As for Japan, the future of Japanese Monarchy effectively rests on the shoulders of a young boy because he is the only male (of his generation) within not only the Emperor's immediate, but also extended family. It is likely some changes will be adopted, possibly granting females right to inherit in total absence of male heirs among all dynasts.
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  #90  
Old 04-02-2012, 06:26 PM
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Liechtenstein is male-only succession I believe or they have a complicated system where if they run out of direct male line descendants, they find a male of the most senior female line of descent or something. I may have muddled that with the previous system in use in Luxembourg prior to the adoption of equal primogeniture.

I'm a pragmatist with regard to succession. The most important thing is the continuity of the institution and to a certain extent, who gets to be monarch has always been influenced by the circumstances in a country and the values of the time as well as the people's consent. In Europe, absolute primogeniture reflects how society has evolved. It's also interesting to note that countries which adopted equal primogeniture the earliest (Norway, Sweden, Belgium) previously had Salic Law (excepting the Netherlands). I assume this is also partially due to the shortage of heirs as well as foresight of where things are going in terms of gender equality. Denmark, which had male preference primogeniture only very recently changed the law. I understand that the UK and Spain don't see it as a political priority because of the legislative hassle it would cause when there are so many other things going on domestically and internationally.
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  #91  
Old 04-02-2012, 06:59 PM
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Liechtenstein's succession is agnatic primogeniture which excludes all females. The succession is based on Article 12 of the House Law of the Liechtensteiner Princely Family. The line of the succession is limited to the direct agnatic (male-line) descendants of Prince Johann I of Liechtenstein.
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  #92  
Old 05-15-2012, 10:38 AM
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Quote:
Originally Posted by Esmerelda View Post
In Europe, absolute primogeniture reflects how society has evolved. It's also interesting to note that countries which adopted equal primogeniture the earliest (Norway, Sweden, Belgium) previously had Salic Law (excepting the Netherlands). ... Denmark, which had male preference primogeniture only very recently changed the law.
Salic Law was not adopted in Sweden until 1810 (Bernadotte family chosen as kings), changed to absolute primogeniture in 1980.
In Denmark Salic Law was adopted in 1853 (Glücksburg branch chosen as kings), which was changed in 1953 to male-preference primogeniture to allow princess Margarethe to become heir. In 2009 it was changed to absolute primogeniture.
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  #93  
Old 10-16-2012, 04:47 AM
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The heirs to the thrones of Europe are well known, but who is next in line? The modernization of succession laws will result in the first female dominated generation of heirs. Below we outline the next-in-line children, the heirs that stand before them, and the succession laws.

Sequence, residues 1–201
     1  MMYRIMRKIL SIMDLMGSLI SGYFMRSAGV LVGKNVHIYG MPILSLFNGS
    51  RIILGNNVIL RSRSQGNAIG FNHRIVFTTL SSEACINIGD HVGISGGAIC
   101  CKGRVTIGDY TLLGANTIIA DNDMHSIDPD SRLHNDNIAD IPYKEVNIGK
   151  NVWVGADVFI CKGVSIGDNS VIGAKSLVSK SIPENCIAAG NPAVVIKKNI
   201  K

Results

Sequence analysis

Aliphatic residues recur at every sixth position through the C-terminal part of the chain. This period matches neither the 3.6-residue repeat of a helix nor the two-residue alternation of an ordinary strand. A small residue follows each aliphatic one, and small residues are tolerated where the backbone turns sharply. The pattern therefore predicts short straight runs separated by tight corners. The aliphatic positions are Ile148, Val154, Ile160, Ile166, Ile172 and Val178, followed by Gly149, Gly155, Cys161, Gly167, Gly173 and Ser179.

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  #94  
Old 10-24-2012, 05:21 PM
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Succession

I'm very interested in Asian and European royal succession and how it works, and the requirements to not be considered "morganic" in some countries. Both disposed and non-disposed succession laws are acceptable, although I'm more interested in the disposed royal families succession laws more. Links would be helpful, if that's alright.
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  #95  
Old 10-25-2012, 01:33 PM
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Something I've read ( don't remember where?) that there are 7 Malaysian families and each take turns to rule. So if the head of family 1 is king now after his demise his descendant doesn't inherit the throne but the head of family 2 does.
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  #96  
Old 10-25-2012, 01:55 PM
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Quote:
Originally Posted by Princess B View Post
Something I've read ( don't remember where?) that there are 7 Malaysian families and each take turns to rule. So if the head of family 1 is king now after his demise his descendant doesn't inherit the throne but the head of family 2 does.
The 'King' or Yang di-Pertuan Agong is elected for a five-year term by and from among the nine Rulers of the Malay states. The 'King' cannot be re-elected again until all other 8 rules have served a term.

Quote:
I'm very interested in Asian and European royal succession and how it works, and the requirements to not be considered "morganic" in some countries. Both disposed and non-disposed succession laws are acceptable, although I'm more interested in the disposed royal families succession laws more. Links would be helpful, if that's alright.
Almost every section on this website contains a thread about the individual countries succession laws.

There are various succession laws see here. Each country has different laws, such as in the UK the succession is dictated by male primogeniture and not equal such as in Denmark, Norway, Sweden etc.